Desperate Girls

The Badi Girls

Between 7,000 and 12,000 young girls, aged 9-16, are trafficked each year from Nepal; mainly to India. According to Nepal Monitor/On line journal, 2007, there are more than 200,000 Nepali girls in Indian brothels.

The Dalits(untouchables) are the lowest level in Hindu society, and the Badi community, in Western Nepal, are the lowest of the low. As a displaced hungry people group the Badi community has made sexual subservience a way of life. Young girls from this group “serve” other groups. This has become a tradition and means of livelihood. Many girls, even when they are unwilling, are forced to serve as sex slaves. Family members knowingly sell their daughters to traffickers.

Though prostitution is illegal in Nepal, the industry reportedly has links with highly ranked officials and political leaders. Large groups of girls are taken across the border with many police and government officials being in collusion with traffickers and brothel owners.

Traffickers and related criminals are often protected by political parties, and if arrested, are freed using political power. As a result, there is an underlying distrust of police that has led people not to file cases against traffickers.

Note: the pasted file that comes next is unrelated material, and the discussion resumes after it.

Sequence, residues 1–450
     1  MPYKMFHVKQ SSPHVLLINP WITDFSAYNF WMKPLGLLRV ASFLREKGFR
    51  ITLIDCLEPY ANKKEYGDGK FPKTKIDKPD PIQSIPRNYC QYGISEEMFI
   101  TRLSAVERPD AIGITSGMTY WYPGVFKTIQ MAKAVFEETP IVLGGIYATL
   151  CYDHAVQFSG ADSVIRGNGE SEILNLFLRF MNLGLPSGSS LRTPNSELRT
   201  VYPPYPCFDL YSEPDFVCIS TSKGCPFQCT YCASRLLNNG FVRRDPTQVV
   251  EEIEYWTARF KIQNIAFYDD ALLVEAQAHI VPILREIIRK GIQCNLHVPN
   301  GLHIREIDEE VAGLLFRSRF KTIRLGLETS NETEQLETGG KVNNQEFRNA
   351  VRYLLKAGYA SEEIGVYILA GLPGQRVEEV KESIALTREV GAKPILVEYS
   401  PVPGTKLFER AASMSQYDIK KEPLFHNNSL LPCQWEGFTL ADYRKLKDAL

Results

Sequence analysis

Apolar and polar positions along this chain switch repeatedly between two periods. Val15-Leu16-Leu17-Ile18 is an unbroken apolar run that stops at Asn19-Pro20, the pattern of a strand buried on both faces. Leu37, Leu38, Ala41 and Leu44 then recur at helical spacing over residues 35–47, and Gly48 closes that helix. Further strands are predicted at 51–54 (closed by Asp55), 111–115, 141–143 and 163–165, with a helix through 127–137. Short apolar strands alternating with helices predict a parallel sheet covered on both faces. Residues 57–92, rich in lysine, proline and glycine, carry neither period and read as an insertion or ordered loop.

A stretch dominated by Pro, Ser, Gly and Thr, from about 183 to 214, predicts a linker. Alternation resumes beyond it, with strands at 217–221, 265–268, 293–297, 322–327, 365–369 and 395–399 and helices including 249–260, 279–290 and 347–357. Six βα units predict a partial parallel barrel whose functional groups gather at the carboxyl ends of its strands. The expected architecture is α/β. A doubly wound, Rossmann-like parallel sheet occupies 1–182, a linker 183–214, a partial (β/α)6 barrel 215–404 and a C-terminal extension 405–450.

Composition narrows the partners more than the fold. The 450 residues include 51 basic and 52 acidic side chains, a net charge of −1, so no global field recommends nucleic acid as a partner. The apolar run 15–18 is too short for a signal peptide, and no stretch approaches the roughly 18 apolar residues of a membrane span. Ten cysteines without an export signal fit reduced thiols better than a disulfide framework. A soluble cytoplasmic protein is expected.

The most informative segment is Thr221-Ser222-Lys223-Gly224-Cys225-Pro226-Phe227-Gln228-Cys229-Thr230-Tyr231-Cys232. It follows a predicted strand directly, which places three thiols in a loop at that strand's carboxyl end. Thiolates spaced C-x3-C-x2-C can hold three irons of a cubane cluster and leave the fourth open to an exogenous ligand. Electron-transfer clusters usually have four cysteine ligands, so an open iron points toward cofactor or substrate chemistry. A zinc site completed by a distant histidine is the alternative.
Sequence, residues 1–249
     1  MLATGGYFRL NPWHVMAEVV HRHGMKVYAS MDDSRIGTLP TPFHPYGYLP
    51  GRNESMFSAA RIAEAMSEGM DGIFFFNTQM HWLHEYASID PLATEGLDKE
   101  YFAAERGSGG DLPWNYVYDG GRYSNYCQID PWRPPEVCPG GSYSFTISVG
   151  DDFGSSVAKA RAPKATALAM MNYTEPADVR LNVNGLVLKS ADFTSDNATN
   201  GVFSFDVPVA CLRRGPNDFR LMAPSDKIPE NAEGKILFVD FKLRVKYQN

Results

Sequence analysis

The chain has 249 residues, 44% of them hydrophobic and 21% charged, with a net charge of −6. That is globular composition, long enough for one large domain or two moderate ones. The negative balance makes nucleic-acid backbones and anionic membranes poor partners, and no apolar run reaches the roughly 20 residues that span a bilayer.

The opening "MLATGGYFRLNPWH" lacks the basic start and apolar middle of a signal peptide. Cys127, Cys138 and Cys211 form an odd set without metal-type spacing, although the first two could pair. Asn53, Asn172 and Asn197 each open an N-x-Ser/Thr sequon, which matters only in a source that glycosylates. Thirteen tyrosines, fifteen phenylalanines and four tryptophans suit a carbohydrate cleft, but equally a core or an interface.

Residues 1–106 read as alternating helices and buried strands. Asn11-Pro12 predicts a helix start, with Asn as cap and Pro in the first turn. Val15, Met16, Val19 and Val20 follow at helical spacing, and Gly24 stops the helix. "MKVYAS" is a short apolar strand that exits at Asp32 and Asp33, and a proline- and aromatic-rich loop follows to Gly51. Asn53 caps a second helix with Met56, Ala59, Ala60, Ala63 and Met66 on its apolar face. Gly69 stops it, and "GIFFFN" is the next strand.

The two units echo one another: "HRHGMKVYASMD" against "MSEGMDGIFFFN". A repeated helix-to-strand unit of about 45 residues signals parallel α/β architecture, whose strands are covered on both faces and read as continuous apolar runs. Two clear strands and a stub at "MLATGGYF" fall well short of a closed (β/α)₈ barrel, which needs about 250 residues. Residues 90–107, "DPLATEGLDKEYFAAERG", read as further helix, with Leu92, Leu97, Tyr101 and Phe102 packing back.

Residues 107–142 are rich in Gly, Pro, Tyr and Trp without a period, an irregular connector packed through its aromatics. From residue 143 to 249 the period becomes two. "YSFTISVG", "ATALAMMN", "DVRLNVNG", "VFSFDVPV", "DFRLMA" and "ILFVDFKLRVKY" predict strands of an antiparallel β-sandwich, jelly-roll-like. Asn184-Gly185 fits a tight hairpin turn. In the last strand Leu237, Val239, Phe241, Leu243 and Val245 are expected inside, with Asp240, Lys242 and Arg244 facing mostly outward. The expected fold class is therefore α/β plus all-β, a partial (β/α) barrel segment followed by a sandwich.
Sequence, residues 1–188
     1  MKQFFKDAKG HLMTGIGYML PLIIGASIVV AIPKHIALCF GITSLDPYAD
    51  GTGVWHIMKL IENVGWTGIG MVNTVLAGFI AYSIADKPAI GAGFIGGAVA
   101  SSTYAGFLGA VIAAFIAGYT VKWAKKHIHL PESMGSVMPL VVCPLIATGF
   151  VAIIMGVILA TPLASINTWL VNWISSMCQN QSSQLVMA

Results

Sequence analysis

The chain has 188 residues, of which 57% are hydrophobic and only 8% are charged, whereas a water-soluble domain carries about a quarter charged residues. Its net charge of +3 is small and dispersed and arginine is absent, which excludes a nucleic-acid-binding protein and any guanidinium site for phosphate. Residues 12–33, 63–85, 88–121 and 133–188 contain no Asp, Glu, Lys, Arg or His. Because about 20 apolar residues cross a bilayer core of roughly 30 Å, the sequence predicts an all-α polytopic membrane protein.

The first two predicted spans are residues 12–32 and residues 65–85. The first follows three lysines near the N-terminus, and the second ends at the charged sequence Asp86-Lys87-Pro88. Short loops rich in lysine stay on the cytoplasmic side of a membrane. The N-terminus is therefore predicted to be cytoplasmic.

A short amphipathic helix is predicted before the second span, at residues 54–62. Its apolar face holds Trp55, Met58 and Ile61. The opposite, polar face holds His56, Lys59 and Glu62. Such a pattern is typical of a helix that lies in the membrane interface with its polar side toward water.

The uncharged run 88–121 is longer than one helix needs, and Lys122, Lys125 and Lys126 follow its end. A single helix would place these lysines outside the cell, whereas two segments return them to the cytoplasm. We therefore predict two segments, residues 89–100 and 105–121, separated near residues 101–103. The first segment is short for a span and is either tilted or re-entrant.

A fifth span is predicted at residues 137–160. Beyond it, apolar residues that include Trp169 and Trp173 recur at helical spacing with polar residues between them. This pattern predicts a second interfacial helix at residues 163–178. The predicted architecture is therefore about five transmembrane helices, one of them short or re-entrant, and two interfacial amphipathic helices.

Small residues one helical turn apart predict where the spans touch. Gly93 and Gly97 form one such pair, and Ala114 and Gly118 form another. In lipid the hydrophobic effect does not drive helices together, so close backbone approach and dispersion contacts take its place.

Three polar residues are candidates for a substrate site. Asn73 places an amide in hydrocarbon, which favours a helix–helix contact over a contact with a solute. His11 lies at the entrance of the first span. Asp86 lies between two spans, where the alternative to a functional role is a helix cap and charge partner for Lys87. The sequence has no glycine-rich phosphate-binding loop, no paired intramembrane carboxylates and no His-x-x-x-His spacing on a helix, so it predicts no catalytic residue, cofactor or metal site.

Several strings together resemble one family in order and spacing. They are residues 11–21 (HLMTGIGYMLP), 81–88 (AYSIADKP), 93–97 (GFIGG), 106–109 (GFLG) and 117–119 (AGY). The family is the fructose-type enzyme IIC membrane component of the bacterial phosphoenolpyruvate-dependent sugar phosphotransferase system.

Domestic action involves activities of NGO’s and other volunteer groups. These groups are playing a major role to address girl-trafficking and sex slaves issues. Some NGO’s are playing a very important role to improve the situation. From creating social awareness to rescuing and rehabilitation, they are providing services (and relief) to those that need it the most – the likely victims as well as the rescued ones. The Lighthouse foundation is one of these.

*See Chandra Kala’s story on this blog site.

Friday, 5 April 2013

Friday. What a week,

Today is a day off for the team so two of the ladies left early this morning for a mountain flight to get up close and personal with Everest and then later the whole team are going touring for the day.  Grahame and I have many things to do today with shopping and collecting four more team members, buying pillows, things in general as we are still trying to set up the guest house. We ran out of water again today because the electricity didn't come on and we couldn't pump the water up into the tanks.  Fortunately we have a generator here and Grahame is at present sorting out our water problems.  What would we do without our men when it comes to things like that.  Liz will be heading home tomorrow, having had a great time.  There is so much to see and learn about this country and a week is not  even enough to touch the surface.  She has been a great team member, just a joy to be with.  We always meet  different people each time with different skills, so it is always interesting dynamics.  The sewing class continued yesterday.  They all arrived late the first day (typical nepali) and I told them that was disrespectful  to the teacher, so every other day, 5 mins early every day.  I was very proud of them.  Yesterday, Linda took the class training them in painting the faces on the dolls. She is much more capable than I am.  I had a talk with them after  class about Rahab, and other days, Ruth and a Sychar encounter.  They love stories.    

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